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Crude Oil Price Jumps on Lower Inventory, but Keep an Eye on Futures

The U.S. Energy Information Administration (EIA) released its weekly petroleum status report Wednesday morning. U.S. commercial crude inventories decreased by 1.9 million barrels last week, maintaining a total U.S. commercial crude inventory of 454 million barrels. The commercial crude inventory remains near levels not seen at this time of year in at least the past 80 years.

Tuesday evening, the American Petroleum Institute (API) reported that crude inventories fell by 3.7 million barrels in the week ending September 11. For the same period, analysts surveyed by Platts had estimated a decrease of 700,000 barrels in crude inventories.

Total gasoline inventories increased by 1.4 million barrels last week, according to the EIA, and remain in the upper half of the five-year average range. Total motor gasoline supplied (the agency’s measure of consumption) averaged about 9.2 million barrels a day for the past four weeks, up by 3% compared with the same period a year ago.

U.S. refineries have begun the transition to winter-grade fuel and we should see refinery throughput slow to below 90% of capacity in the next week or two before picking up again. There is little sign that crude oil prices will post any sort of sustainable gain to more than $50 a barrel.

In the futures market last week, managed money accounts (which includes hedge funds) cut short positions to their lowest level in more than two months. We could see one possible impact of that when it comes time for shorts to roll their bets next month: lower levels of short positions means less short covering means that the bump in the price of crude could be smaller than last month and just as evanescent.

Before the EIA report, benchmark West Texas Intermediate (WTI) crude for November delivery traded up about 0.4% at around $46.50 a barrel. The WTI price rose to around $46.75 immediately following the report’s release, up about 0.9% on the day. The 52-week range on WTI futures is $38.51 to $89.41.

Distillate inventories decreased by 2.1 million barrels last week and remain in the middle of the average range for this time of year. Distillate product supplied averaged 3.8 million barrels a day over the past four weeks, up by 1.3% when compared with the same period last year. Distillate production averaged 5.1 million barrels a day last week, about flat compared with the prior week’s production.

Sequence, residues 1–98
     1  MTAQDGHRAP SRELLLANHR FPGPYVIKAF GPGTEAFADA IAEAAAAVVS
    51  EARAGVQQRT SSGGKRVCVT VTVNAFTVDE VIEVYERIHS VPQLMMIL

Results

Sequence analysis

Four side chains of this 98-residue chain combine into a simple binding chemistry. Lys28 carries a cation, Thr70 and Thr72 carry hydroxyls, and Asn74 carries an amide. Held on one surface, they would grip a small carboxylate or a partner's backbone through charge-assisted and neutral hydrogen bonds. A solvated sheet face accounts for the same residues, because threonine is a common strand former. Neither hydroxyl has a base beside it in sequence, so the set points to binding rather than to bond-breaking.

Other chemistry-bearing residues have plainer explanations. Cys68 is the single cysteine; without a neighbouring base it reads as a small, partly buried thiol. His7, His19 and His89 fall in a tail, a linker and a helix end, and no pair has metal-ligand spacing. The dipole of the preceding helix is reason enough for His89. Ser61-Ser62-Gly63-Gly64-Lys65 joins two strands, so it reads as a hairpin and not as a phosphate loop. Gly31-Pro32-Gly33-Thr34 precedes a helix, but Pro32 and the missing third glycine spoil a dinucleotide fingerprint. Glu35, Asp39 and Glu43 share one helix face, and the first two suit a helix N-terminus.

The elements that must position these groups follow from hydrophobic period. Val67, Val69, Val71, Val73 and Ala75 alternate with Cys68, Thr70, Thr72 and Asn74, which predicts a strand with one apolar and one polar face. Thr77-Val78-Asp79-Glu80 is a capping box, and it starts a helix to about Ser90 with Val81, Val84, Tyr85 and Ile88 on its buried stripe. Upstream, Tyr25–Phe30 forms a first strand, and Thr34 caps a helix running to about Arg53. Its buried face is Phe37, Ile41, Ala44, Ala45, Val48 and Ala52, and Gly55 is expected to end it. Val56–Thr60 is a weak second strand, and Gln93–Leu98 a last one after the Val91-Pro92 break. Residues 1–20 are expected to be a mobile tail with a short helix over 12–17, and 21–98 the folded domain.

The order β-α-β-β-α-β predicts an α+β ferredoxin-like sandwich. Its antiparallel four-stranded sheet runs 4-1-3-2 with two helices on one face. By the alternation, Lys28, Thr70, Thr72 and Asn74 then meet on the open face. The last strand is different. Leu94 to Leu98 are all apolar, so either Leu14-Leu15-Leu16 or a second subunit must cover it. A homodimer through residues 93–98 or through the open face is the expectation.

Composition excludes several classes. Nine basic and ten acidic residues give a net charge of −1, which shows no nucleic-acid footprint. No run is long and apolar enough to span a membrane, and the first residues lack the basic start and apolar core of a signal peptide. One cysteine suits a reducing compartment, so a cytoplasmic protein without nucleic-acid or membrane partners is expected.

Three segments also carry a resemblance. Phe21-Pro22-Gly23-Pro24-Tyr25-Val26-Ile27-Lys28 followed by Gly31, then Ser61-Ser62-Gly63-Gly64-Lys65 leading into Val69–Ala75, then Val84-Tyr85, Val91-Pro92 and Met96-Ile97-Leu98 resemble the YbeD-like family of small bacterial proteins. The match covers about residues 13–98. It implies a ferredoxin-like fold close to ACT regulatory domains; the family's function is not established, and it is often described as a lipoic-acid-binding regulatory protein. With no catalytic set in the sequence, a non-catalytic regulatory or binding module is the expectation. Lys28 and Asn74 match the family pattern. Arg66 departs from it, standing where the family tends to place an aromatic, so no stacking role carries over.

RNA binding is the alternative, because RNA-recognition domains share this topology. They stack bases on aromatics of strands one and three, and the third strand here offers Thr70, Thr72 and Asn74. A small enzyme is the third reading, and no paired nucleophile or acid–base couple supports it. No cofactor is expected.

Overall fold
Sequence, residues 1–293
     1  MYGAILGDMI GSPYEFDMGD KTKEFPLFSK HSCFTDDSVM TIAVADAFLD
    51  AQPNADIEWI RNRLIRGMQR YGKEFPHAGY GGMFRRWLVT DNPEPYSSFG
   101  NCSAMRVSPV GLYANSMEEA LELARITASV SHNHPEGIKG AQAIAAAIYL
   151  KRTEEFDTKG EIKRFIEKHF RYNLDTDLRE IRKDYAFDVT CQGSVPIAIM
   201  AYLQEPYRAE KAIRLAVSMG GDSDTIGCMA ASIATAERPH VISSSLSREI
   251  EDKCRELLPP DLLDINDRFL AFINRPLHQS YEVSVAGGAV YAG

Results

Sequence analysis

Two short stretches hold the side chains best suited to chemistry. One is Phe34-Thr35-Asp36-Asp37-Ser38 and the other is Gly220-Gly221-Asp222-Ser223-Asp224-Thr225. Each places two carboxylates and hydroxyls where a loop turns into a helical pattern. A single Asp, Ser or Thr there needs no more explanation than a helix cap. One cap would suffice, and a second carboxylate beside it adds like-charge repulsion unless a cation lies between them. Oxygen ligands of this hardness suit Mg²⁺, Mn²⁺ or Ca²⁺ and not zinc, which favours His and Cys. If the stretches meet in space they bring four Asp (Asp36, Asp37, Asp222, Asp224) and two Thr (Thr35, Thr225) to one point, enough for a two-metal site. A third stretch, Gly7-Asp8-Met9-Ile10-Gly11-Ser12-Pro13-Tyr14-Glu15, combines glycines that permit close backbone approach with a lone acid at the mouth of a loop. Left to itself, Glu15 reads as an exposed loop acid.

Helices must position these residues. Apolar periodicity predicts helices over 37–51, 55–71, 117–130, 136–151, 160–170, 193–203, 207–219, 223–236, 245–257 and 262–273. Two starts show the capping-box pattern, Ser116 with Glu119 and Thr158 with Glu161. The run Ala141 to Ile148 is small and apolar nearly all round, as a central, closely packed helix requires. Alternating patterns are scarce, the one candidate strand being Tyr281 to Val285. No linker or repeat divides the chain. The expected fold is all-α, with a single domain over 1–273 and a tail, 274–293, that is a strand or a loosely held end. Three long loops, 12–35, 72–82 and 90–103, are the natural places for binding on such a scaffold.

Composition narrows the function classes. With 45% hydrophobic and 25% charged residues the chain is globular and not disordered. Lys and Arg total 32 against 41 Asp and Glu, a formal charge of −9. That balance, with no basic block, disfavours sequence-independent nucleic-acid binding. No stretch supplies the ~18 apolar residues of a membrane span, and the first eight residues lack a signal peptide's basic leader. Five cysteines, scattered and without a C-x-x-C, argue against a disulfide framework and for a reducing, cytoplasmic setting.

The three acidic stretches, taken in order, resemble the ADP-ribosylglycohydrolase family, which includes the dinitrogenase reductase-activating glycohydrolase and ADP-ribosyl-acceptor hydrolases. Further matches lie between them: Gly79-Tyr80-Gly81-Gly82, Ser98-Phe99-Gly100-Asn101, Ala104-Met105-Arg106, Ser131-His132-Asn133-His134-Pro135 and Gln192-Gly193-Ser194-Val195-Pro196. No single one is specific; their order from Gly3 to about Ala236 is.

For the past week, crude imports averaged 7.2 million barrels a day, down by 13,000 barrels a day compared with the previous week. Refineries were running at 90.9% of capacity, with daily input of over 16.3 million barrels, about 310,000 barrels a day below the previous week’s average.

According to AAA, the current national average pump price per gallon of regular gasoline is $2.283, down from $2.308 a week ago and from $2.603 a month ago. Last year at this time, a gallon of regular cost $3.34 on average in the United States.

Here is a look at how share prices for two blue-chip stocks and two exchange traded funds reacted to this latest report.

Exxon Mobil Corp. (NYSE: XOM) traded up about 0.4%, at $73.01 in a 52-week range of $66.55 to $97.20. Year to date, Exxon stock traded down about 21% and is down about 24.5% since early November, as of Tuesday’s close.

Chevron Corp. (NYSE: CVX) traded down about 0.1%, at $77.18 in a 52-week range of $69.58 to $123.07. As of Tuesday’s close, Chevron shares have dropped about 31% year to date and trade down nearly 36% since early November.

The United States Oil ETF (NYSEMKT: USO) traded up about 2.1%, at $15.22 in a 52-week range of $12.37 to $35.62.

The Market Vectors Oil Services ETF (NYSEMKT: OIH) traded up fractionally to $29.07, in a 52-week range of $26.00 to $50.85.

By Paul Ausick


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